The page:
In a busy day on Wall Street, some of the biggest names in enterprise CRM opened their books. However, Siebel, Amdocs, and SAP presented anything but a unified story.
Siebel revealed quarterly revenues of $301.1 million, a drop of 10 percent compared to both a year ago and the previous quarter. Profits of more than $8 million are also down from the year-ago quarter returns of $9.8 million.
During its earnings report, Siebel also announced the hiring of Ariba veteran Eileen McPartland as senior vice president of global services.
Although the company is not projecting lavish revenue growth in coming quarters, Liz Roche, Meta Group vice president of technology research services, says that two strategic changes may be in the makings for Siebel. "Traditionally [software vendors] have tried to keep a 70/30 mix of services and licenses [revenue], but if they have hired a new senior vice president of services, I imagine that goal is going to be to drive up service revenues."
She also focused on Siebel CEO Michael Lawrie's announcement that the firm would dramatically increase investment in its pursuit of smaller companies. "They're trying to institutionalize demand for Siebel OnDemand, so they created this [SMB] group, with its own profit-and-loss," Roche says. She feels it will be an important part of Siebel's turnaround. "You have to look at the trend in aggregate, and for Siebel we have seen some exciting quarters...they have a new president and are trying to get in new product mixes."
Amdocs reported that revenue grew 1.7 percent in the completed quarter to $450 million, with a $60 million quarterly profit and projected similar revenue growth in the coming quarter to $452 million. Notable CRM milestones for Amdocs's Clarify division include a completed rollout at Mobilkom Austria, an existing Amdocs customer, and a significant Amdocs Clarify upgrade deal with a Latin American telecommunications firm.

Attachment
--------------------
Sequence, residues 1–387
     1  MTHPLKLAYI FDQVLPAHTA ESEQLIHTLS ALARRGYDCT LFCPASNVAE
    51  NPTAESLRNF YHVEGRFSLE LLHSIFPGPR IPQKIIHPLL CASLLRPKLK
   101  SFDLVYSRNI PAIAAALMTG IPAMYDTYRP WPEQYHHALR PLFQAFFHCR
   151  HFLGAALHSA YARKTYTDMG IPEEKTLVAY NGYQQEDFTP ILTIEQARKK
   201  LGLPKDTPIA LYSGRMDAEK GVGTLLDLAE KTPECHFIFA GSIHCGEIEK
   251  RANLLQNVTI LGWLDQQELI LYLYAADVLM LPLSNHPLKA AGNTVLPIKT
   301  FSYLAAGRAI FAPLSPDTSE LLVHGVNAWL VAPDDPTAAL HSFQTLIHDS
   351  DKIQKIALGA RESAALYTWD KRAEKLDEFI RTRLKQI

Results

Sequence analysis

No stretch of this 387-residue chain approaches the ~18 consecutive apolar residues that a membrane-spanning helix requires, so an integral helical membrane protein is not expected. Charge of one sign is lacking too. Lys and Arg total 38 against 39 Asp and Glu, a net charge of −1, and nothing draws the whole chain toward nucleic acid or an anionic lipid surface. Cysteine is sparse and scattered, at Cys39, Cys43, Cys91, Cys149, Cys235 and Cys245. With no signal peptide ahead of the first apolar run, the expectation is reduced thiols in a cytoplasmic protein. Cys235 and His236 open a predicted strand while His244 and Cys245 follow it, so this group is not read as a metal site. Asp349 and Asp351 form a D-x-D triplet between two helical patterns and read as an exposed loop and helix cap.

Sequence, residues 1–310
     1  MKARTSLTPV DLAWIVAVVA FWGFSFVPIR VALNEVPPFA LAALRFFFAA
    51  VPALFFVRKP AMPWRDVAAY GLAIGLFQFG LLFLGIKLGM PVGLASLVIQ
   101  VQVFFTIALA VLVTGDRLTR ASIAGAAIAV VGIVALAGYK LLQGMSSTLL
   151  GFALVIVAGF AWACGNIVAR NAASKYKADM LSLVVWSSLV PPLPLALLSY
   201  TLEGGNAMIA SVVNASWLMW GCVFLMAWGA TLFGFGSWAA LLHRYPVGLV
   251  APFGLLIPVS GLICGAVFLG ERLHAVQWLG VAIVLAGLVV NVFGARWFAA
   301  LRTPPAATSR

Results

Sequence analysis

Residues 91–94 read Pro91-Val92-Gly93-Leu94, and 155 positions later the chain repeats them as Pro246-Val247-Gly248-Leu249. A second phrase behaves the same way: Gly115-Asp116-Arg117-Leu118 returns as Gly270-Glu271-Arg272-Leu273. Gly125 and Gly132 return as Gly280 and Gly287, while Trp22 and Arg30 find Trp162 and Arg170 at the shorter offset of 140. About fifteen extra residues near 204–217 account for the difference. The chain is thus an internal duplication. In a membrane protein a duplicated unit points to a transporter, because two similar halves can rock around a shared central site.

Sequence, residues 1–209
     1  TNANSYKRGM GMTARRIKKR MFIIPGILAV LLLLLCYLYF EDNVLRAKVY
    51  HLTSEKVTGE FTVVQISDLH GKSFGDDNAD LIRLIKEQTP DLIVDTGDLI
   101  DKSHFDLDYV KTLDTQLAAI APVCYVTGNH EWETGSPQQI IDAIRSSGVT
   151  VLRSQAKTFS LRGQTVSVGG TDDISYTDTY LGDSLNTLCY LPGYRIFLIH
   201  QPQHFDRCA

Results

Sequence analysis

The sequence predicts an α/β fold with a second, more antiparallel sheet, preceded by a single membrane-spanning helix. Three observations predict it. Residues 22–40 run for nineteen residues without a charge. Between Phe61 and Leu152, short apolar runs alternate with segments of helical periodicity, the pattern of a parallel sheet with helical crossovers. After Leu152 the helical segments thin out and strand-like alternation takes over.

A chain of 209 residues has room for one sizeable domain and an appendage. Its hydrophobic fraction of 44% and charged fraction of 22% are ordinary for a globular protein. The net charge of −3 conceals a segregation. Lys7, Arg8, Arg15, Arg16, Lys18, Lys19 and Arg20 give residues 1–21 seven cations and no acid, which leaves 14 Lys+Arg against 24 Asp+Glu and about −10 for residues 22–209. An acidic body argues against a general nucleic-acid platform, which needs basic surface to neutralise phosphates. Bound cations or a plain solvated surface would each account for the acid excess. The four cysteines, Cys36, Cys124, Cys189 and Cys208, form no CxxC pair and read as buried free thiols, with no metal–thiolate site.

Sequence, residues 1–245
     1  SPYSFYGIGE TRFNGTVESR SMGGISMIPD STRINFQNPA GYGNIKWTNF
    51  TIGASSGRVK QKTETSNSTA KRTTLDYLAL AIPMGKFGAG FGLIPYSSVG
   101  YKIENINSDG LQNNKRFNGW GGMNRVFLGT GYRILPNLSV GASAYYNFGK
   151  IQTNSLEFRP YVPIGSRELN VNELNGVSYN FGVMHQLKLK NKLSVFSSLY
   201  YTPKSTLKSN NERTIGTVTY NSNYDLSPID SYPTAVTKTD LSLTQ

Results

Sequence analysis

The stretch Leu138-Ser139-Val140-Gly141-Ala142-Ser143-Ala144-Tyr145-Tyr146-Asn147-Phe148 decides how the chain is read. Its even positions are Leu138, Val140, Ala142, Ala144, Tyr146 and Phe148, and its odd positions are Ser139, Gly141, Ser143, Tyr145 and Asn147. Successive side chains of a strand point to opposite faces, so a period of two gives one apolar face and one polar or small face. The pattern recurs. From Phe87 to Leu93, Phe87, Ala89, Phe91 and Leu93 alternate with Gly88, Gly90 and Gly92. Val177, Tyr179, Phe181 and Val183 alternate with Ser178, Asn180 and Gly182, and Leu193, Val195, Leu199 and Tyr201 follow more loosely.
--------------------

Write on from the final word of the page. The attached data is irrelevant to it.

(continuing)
The company's stock traded as much as 10 percent lower after the earnings announcement as some financial analysts expressed concern about recent flat growth and their feeling that Amdocs relies too heavily on services revenue--for the nine-month period ended June 30, 2004, just $51 million of the company's $1.072 billion intake came from licenses.
The most eye-catching results of the day came from SAP. While overall corporate revenues continued to climb, the enterprise software giant revealed approximately $221 million in CRM software revenues for the past 6 months-- about $134 million in the last quarter alone. "They released [a new version] that had better functionality, making it easier for more organizations to buy," Roche says.
SAP is downplaying the raw numbers. "SAP is not a company that is focused on individual quarterly performance," says Darc Rasmussen, vice president of global CRM initiatives. "But our customers have adopted the solution, and they're becoming our best sales and marketing tool, and we're winning progressively more market share as a result of that."
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